Rates of clinical depression diagnosis, functional impairment, and nursing home placement in coexisting dementia and depression

Helen C. Kales, Peijun Chen, Frederic C. Blow, Deborah E. Welsh, Alan M. Mellow

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66 Scopus citations

Abstract

Objective: Depression is commonly found as a coexisting condition in dementia. An earlier retrospective study by the authors found that patients with coexisting dementia and depression (CDD) were high utilizers of inpatient and nursing home care. The current prospective study was designed to investigate specific factors that might contribute to outcomes such as nursing home placement by examining the detection and course of CDD subjects as compared with subjects with either disorder alone. Methods: Eighty-two subjects (N = 29 with CDD, N = 27 with Depression Alone, and N = 26 with Dementia Alone) were recruited and reassessed at 3, 6, and 12 months after baseline assessment. Results: Lower rates of depression detection by treating (non-study) physicians were found in CDD subjects. Only 35% of the CDD group were correctly diagnosed and receiving adequate treatment for their depression. Although the CDD group did not differ in baseline dementia stage or cognitive functioning as compared with the dementia-only group, they had significantly higher levels of functional impairment. CDD subjects used nursing home care at significantly higher rates; nursing home placement correlated significantly with baseline severity of functional impairment and mood measures, but not with other factors, including dementia stage and medical burden. Conclusions: Undetected, untreated, or inadequately treated depression may result in higher rates of nursing home placement in patients with dementia by increasing their functional disability. Aggressive outpatient treatment of depression could improve the course of coexisting dementia and depression.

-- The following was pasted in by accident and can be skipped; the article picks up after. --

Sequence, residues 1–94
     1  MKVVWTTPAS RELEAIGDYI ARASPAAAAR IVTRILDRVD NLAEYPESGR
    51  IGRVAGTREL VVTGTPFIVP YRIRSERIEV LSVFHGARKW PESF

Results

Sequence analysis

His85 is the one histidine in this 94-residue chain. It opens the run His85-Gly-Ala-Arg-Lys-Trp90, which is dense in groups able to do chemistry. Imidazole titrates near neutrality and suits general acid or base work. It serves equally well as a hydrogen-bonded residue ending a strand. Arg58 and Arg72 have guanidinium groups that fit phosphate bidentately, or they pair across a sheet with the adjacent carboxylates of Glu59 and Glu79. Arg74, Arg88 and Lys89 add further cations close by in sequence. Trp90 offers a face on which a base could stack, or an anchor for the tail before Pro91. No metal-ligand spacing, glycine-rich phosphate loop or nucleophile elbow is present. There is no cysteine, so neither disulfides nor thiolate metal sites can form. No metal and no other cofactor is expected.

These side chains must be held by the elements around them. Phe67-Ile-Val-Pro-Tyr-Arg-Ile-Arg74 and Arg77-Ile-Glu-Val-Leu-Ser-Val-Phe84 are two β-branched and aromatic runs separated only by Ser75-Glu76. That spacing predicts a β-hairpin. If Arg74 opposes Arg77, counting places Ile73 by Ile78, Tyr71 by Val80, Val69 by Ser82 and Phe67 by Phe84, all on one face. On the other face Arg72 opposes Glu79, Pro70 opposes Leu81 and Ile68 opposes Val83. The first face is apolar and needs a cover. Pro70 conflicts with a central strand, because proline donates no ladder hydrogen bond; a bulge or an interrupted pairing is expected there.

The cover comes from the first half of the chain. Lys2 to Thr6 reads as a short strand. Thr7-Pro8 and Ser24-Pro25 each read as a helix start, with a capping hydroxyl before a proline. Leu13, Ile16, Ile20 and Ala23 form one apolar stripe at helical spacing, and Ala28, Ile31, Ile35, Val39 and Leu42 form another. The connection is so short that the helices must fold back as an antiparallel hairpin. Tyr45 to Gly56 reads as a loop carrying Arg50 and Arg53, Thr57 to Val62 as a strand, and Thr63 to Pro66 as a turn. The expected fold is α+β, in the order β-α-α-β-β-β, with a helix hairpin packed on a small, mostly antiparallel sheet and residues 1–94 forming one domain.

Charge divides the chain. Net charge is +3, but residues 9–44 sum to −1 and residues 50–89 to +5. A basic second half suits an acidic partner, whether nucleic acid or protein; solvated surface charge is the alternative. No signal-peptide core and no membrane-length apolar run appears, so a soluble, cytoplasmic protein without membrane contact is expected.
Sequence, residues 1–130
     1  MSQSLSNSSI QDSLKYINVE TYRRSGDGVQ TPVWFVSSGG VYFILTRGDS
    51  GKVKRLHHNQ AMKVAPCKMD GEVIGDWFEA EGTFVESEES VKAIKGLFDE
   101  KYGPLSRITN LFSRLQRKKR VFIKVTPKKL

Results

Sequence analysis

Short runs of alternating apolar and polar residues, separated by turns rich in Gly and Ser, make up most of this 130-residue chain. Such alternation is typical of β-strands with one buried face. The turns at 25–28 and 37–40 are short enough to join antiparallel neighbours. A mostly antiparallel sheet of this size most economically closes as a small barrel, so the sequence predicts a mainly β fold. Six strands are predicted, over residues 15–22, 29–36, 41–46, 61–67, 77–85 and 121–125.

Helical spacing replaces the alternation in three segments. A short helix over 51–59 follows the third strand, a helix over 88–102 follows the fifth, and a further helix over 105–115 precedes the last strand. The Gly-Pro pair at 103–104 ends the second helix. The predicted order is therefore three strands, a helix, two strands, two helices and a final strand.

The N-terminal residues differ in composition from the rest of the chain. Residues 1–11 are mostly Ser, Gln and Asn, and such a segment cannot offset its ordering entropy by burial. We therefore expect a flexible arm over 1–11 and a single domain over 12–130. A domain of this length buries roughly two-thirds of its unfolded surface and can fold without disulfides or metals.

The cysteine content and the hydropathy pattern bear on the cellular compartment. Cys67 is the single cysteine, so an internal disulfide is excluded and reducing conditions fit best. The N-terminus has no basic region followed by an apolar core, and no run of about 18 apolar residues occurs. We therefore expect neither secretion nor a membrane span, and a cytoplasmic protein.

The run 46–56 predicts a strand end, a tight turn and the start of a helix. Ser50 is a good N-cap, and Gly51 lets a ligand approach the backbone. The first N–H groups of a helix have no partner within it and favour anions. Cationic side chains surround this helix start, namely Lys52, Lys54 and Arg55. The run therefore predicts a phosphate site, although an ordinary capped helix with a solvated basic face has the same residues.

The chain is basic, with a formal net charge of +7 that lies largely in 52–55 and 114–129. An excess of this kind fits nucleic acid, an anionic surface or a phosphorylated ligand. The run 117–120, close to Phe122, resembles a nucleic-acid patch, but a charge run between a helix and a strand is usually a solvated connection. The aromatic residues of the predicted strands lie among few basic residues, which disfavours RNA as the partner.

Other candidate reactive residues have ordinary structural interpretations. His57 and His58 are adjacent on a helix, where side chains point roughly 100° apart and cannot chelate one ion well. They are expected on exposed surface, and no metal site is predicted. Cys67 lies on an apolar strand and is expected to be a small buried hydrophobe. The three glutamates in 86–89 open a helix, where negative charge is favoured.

Original languageEnglish (US)
Pages (from-to)441-449
Number of pages9
JournalAmerican Journal of Geriatric Psychiatry
Volume13
Issue number6
DOIs
StatePublished - Jan 1 2005
Externally publishedYes

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ASJC Scopus subject areas

  • Geriatrics and Gerontology
  • Psychiatry and Mental health

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